It was Pope John Paul II that conceded that the earth was not stationary and revolved around the sun. The church had maintained that the earth was stationary and quoted the scriptures to support its stance and for many years, it had been believed that all the heavenly bodies revolved around the world. There were consequences of not sticking to the church stance and that is why Copernicus feared publishing his work. He was right because what he feared happened to Galileo who was detained for opposing the decree of the church. The insistence was that the scriptures were not wrong but the interpretation by church theologians was wrong. This is what pope John Paul II eventually admitted when he made the confession that there was a misinterpretation of the scriptures when Galileo was being charged and when his model that was akin to that of Copernicus was being rejected (Koyré 1992)


Going into the religious interpretations, religious beliefs postulate that the earth and the sun are symbols that represent operates relationship with God. The variations that arise in the face of geocentricism versus heliocentricsm is comparable to The religious one that sees man (earth) at the centre and God (sun) going around man caring for his needs. That is why the sun and the earth are symbolic in the religious interpretation of the universe perspectives meaning it cannot be the other way round because there is no way that Man (earth) can revolve around Sun (God). The religion offers a perspective that is reverse; where God is placed in an obvious position while that of man is treated as a novelty and the essence of reality is God whose symbol is the sun. That is why religion was fervent in the defense of the geocentric model because it was in line with their assumptions of sun revolving around the earth just like God goes round man caring for his needs and not the vice versa. The sun worshipers also were very cautious of Heliocentricsm model that tried to put the sun as the static Object in the middle of the universe. Sun being their God could not be an immobile figure as the heliocentrism argued out. However, the scientific model of corpenicus bonds with the new horizons brought out by the sun worshipers, which assume that the sun is a symbol of Godliness a thing that is static and cannot be changed. The earth represents a possibility of change and adaptation, which agrees with the heliocentric theory that the earth that revolves around the sun. This symbolically means that God, represented by the sun and not man, represented by the earth, is at the centre of the universe (Koyré 1992)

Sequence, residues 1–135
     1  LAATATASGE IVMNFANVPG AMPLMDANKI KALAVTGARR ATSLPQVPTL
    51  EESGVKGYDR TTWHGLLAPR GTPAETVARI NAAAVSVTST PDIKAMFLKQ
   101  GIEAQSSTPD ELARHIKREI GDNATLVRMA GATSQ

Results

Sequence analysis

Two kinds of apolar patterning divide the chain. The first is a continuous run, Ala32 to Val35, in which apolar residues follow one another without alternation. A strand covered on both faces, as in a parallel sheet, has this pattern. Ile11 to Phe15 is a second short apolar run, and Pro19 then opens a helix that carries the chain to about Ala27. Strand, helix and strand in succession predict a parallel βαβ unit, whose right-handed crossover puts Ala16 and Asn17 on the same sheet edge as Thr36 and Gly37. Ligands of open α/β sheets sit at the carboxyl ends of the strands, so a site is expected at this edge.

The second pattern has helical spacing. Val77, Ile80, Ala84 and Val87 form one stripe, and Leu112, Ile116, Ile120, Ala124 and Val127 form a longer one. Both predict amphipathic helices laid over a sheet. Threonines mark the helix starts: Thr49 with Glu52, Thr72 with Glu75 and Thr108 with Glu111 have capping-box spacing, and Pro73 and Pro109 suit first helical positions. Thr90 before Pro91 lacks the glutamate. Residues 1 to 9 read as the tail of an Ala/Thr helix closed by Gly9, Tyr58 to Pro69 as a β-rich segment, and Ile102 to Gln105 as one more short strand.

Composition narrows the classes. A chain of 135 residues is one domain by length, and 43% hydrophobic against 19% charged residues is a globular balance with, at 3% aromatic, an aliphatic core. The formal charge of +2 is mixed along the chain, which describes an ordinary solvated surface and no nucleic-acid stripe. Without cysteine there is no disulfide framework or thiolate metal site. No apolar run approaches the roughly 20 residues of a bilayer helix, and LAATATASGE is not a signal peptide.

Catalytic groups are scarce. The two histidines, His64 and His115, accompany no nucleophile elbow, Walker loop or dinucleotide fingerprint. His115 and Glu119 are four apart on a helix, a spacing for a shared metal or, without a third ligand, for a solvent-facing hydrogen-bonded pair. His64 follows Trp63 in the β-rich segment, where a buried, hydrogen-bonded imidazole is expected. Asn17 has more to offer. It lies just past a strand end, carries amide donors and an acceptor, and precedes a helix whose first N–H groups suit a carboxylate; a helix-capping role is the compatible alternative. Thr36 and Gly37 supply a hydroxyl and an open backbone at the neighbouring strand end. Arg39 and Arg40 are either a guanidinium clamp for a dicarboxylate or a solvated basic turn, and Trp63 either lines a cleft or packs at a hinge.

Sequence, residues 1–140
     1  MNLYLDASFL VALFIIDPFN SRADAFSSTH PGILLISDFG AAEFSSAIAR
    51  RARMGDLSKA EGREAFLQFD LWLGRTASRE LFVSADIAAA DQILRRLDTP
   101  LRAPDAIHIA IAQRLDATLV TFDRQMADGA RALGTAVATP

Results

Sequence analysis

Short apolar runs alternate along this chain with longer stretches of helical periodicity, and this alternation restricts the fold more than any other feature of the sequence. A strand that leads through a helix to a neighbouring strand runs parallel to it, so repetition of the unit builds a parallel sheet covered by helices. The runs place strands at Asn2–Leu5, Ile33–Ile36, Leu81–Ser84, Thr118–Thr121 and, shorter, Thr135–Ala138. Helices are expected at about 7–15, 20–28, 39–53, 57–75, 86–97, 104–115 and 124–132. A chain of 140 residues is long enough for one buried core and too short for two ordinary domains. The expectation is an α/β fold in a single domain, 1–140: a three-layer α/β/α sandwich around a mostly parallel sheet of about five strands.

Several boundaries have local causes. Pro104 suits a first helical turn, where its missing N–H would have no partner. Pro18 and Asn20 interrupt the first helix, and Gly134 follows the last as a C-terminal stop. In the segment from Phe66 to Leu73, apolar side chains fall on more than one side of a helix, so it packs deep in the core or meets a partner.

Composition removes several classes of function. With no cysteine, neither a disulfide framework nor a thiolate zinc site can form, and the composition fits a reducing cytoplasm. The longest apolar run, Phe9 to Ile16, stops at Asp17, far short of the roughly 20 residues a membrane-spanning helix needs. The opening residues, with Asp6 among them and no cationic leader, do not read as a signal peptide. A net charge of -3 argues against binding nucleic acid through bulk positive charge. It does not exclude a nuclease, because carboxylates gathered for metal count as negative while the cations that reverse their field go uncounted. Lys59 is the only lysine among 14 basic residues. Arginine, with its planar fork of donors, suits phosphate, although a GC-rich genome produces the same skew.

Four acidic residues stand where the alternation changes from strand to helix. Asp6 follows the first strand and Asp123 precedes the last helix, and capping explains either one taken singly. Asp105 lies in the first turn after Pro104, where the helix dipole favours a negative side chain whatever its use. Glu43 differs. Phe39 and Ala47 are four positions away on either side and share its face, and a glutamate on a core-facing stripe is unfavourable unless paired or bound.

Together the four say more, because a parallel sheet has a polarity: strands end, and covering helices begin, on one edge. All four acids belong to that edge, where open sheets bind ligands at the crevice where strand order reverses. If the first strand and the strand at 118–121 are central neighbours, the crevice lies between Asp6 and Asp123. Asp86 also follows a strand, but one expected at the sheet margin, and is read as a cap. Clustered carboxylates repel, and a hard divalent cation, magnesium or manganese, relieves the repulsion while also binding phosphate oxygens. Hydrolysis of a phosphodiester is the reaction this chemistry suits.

Reading the book of Corpenicus that is called Da Revolutionibus, the mathematical view of Copernicus is quite dominant (Koyré 1992). It successfully joined the humanists in using mathematics as the basis to rise above the conventional arguments and went into the books of history as one of the few people who could make major astronomical announcements. He had the courage to contradict all the commonly held arguments but he was modest enough not to arouse controversy within the church. Notably, the discussions surrounding Heliocentrism especially from a religious perspective are the ones that have helped to shape this view. From the time of corpenicus and Galileo up to 1992, the controversy has been raging until the pope conceded that the scriptures were misinterpreted, the Catholic Church came to accept the postulation that the earth revolves around the sun, and the sun is at the centre of the universe. Though there are other models that have emerged that render Heliocentrism irrelevant, it is notable that it is the view that shaped the study of the arrangement of the universe, developed by its clash with mysticism and concordance with sun worshipers.


Koyré, A. (1992). The Astronomical Revolution: Copernicus, New York: Courier Dover Publications.

Kuhn, T. S. (1999). The Copernican Revolution: Planetary Astronomy in the Development of Western Thought. Cambridge: Harvard University Press.